Defined contribution plan

(redirected from Account Balance Plan)

Defined contribution plan

A pension plan whose sponsor is responsible only for making specified contributions into the plan on behalf of qualifying participants. Related: Defined benefit plan

Defined Contribution Plan

A retirement plan in which the employee and/or employer contribute a set dollar amount each month. The benefits of a defined contribution plan are not set, and depend upon how well the contributions are invested before the pensioner starts to make withdrawals. The disadvantage of a defined contribution plan is the possibility that the investments will not perform as well as expected, giving the pensioner a less secure retirement. The advantage is that the pensioner, while still making contributions, has the ability to determine how the contributions are invested, at least to a certain extent. See also: 401(k).

Defined contribution plan.

In a defined contribution retirement plan, the benefits -- that is, what you can expect to accumulate and ultimately withdraw from the plan -- are not predetermined, as they are with a defined benefit plan.

Instead, the retirement income you receive will depend on how much is contributed to the plan, how it is invested, and what the return on the investment is.

One advantage of defined contribution plans, such as 401(k)s, 403(b)s, 457s, and profit-sharing plans, is that you often have some control over how your retirement dollars are invested. Your choice may include stock or bond mutual funds, annuities, guaranteed investment contracts (GICs), company stock, cash equivalents, or a combination of these choices.

An added benefit is that, if you switch jobs, you can take your accumulated retirement assets with you, either rolling them into an IRA or a new employer's plan if the plan accepts transfers.

References in periodicals archive ?
Further, even if additional credits to a participant's account under an account balance plan are denominated as income and do not exceed the permissible amount, they will not be treated as income exempt from FICA taxation if the amounts with respect to which they purport to be income have not actually been taken into account for FICA tax purposes.
An account balance plan establishes a separate account for each employee, with the employer contributing a specific amount (usually based on a percentage of pay) to each account.
Pursuant to the property settlement incorporated into their divorce judgment, A transferred to B (1) one third of the nonstatutory stock options; (2) the right to receive deferred compensation payments under the account balance plan based on 75% of A's account balance under the plan; and (3) the right to receive a single-sum payment of $25 under the other deferred compensation plan on A's termination of employment.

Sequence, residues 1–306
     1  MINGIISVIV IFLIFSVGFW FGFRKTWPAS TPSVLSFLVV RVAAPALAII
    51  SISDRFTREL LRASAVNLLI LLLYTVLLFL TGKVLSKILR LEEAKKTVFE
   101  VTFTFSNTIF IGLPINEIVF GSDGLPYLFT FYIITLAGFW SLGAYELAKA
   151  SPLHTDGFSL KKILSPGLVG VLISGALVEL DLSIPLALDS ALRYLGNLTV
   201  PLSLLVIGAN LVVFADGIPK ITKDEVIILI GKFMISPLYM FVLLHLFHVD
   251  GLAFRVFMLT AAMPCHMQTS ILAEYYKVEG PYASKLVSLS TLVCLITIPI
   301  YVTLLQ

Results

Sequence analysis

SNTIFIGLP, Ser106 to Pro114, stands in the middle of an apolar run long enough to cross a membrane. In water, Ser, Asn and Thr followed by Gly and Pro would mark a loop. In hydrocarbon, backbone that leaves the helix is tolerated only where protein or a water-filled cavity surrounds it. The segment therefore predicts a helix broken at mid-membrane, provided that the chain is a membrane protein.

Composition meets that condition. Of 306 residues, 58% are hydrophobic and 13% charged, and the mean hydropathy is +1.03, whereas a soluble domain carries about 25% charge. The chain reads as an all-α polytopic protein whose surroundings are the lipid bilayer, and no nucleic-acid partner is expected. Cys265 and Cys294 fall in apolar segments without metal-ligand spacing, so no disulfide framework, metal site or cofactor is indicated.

For an account balance plan, deferrals and earnings are credited to an account in the employee's name.
Although the regulations generally require the benefit in an account balance plan to be based on the account's balance, Regs.
For example, if an account plan has several distribution options, the plan may be treated as an account balance plan and, therefore, a reasonable FICA amount may be calculated, if the options are actuarially equivalent.
An account balance plan is a plan that credits an income amount equal to the original amount deferred in periods subsequent to the deferral period.
A plan will be deemed an account balance plan if under the terms of the plan, a principal amount (or amounts) is credited to an individual account for an employee, the income attributable to each principal amount is credited or debited to the individual account, and the benefits payable to the employee are based solely on the balance credited to the individual account.
From the sponsor's perspective, the account balance plan is similar to a defined benefit, career pay pension plan; participants' benefits are based on compensation earned during each year of their career.
Account balance plans: The regulations describe two alternative methods for attributing compensation under account balance plans.
That regulation aggregates deferred compensation arrangements of the same one of eight "types," that is, elective deferrals to account balance plans, nonelective deferrals to account balance plans, nonaccount balance plans, separation pay plans, in-kind benefits and reimbursements, split-dollar life insurance arrangements, modified foreign earned income arrangements, and stock rights plans.
You can assist your clients in determining the RMD by annually requesting year-end balances for IRAs and other account balance plans.